She knew such harmony alone
Could hold all Heav'n and Earth in happier Union.

XI.
At last surrounds their fight
A Globe of circular light,

That with long beams the shame-fac'd night array'd;
The helmed Cherubim,
And sworded Seraphim,

Are seen in glittering ranks with wings display'd,
Harping in loud and folemn Choir,
With inexpressive notes, to Heav'n's new-born Heir.

XII.
Such Mufick (as 'tis faid)
Before was never made,
But when of old the fons of morning sung,
While the Creator great
His Constellations fet,

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And the well ballanc'd world on hinges hung,
And cast the dark foundations deep,
And bid the weltring waves their oozy channel keep.

XIII.
Ring out, ye Crytal Sphears,
Once bless our human ears,

(If ye have pow'r to touch our senses fo)
And let your silver chime
Move in melodious time,

And let the Bass of Heav'n's deep Organ blow;
And with your ninefold harmony
Make up full confort to th’Angelic Symphony.

XIV.
For if such holy Song
Enwrap our fancy long,

Time will run back, and fetch the age of gold,
And speckled vanity
Will ficken soon and die,

And leprous sin will melt from earthly mould,
And Hell itself will pass away,
And leave her dolorous mansions to the peering day:

XV.
Yea, Truth and Justice then
Will down return to men,

Orb'd in a Rainbow, and like glories wearing :
Mercy will fit between,
Thron'd in Celestial sheen,

With radiant feet the tissued clouds down steering;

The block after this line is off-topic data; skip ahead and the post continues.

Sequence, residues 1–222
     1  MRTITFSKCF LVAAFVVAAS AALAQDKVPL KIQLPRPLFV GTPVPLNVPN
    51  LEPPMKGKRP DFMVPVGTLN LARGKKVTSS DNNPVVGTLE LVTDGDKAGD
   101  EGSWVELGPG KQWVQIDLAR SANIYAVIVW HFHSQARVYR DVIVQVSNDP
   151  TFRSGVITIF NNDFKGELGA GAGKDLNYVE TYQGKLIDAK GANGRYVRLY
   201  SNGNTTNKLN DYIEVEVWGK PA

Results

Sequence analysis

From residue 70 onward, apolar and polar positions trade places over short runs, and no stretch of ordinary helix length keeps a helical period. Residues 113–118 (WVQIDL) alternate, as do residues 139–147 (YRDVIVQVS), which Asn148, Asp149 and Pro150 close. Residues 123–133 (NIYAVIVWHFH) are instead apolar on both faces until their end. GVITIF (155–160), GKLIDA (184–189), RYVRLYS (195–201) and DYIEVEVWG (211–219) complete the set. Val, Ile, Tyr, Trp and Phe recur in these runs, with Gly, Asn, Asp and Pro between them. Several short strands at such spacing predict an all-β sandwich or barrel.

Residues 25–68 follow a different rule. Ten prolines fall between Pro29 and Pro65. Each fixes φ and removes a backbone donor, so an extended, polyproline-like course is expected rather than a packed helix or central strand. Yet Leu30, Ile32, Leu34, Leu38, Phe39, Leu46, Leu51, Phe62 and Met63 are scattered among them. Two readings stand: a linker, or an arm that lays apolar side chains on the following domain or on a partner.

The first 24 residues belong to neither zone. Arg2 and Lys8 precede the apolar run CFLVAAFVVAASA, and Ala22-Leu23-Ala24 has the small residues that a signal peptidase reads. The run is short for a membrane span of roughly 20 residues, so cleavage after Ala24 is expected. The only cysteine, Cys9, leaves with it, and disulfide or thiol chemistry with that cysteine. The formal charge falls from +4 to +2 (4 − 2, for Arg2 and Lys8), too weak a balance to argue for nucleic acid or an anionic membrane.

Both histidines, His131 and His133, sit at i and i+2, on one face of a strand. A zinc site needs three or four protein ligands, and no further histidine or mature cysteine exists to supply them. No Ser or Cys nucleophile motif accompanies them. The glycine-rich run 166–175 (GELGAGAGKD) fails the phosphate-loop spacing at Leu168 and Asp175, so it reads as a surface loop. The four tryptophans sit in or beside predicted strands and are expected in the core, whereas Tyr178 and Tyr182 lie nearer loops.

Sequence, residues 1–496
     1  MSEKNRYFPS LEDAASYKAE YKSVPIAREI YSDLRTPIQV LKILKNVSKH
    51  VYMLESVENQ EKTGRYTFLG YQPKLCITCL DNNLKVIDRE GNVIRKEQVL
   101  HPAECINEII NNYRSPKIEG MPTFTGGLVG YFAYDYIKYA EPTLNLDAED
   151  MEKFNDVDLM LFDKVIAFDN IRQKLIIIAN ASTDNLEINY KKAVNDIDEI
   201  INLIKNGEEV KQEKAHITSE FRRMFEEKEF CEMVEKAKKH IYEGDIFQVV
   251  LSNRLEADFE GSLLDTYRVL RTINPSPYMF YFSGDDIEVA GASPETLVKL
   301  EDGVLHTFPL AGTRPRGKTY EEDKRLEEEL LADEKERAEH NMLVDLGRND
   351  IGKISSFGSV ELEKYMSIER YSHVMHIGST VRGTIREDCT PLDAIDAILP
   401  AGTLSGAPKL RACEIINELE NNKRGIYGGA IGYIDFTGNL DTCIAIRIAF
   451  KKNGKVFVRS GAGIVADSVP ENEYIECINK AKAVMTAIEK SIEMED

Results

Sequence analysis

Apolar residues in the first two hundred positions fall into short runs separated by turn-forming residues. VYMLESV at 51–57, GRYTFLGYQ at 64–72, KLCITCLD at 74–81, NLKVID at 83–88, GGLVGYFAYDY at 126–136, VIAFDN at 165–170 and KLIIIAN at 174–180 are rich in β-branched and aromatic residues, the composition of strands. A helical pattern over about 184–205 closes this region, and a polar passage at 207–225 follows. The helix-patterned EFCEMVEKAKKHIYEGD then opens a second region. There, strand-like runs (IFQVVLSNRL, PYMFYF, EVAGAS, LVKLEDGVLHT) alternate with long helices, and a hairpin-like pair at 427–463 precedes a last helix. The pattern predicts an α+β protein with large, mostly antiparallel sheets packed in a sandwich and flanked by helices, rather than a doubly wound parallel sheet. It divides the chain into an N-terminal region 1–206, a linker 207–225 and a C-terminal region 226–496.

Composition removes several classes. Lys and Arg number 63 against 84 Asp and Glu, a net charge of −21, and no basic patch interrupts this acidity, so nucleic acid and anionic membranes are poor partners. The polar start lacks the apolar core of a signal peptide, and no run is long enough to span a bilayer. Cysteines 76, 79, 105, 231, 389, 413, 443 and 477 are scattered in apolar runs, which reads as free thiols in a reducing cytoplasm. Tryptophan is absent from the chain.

And Heav'n, as at some Festival,
Will open wide the Gates of her high Palace-hall.

XVI.
But wiseft Fate says no,
This must not yet be so ;

The Babe lies yet in smiling Infancy,
That on the bitter cross
Most redeem our lofs ;

So both himself and us to glorifie:
Vet first to those ychain'd in sleep,
The wakeful trump of doom mult thunder thro' the dear,
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XVII.
With such a horrid clang
As on Mount Sinai rang,

While the red fire, and smouldring clouds out brake:
The aged Earth, aghaft
With terrour of that blast,

Shall from the surface to the centre fhake ;
When at the world's last session,
The dreadful Judge in middle Air shall spread his throne,

XVIII.
And then at last our bliss
Full and perfect is;

But now begins: for from this happy day
'Th' old Dragon under ground
In straiter limits bound,

Not half so far cafts his usurped sway,
And wroth to see his Kingdom fail,
Swindges the scaly Horrour of his folded tail.

XIX.
The Oracles are dumb;
No voice or hideous hum

Runs through the arched roof in words deceiving :
Apollo from his shrine
Can no more divine,

With hollow shriek the steep of Delphos leaving.
No nightly trance, or breathed spell,
Inspires the pale-ey'd Priest from the prophetic cell.

XX.
The lonely mountains o'er,
And the resounding shore,

A voice of weeping heard, and loud lament;
From haunting spricg, and dale,
Edg'd with poplar pale,

The parting Genius is with fighing fent:
With flow'r-inwov'n tresses torn,
The Nymphs in twilight thade of tangled thickets

mourn.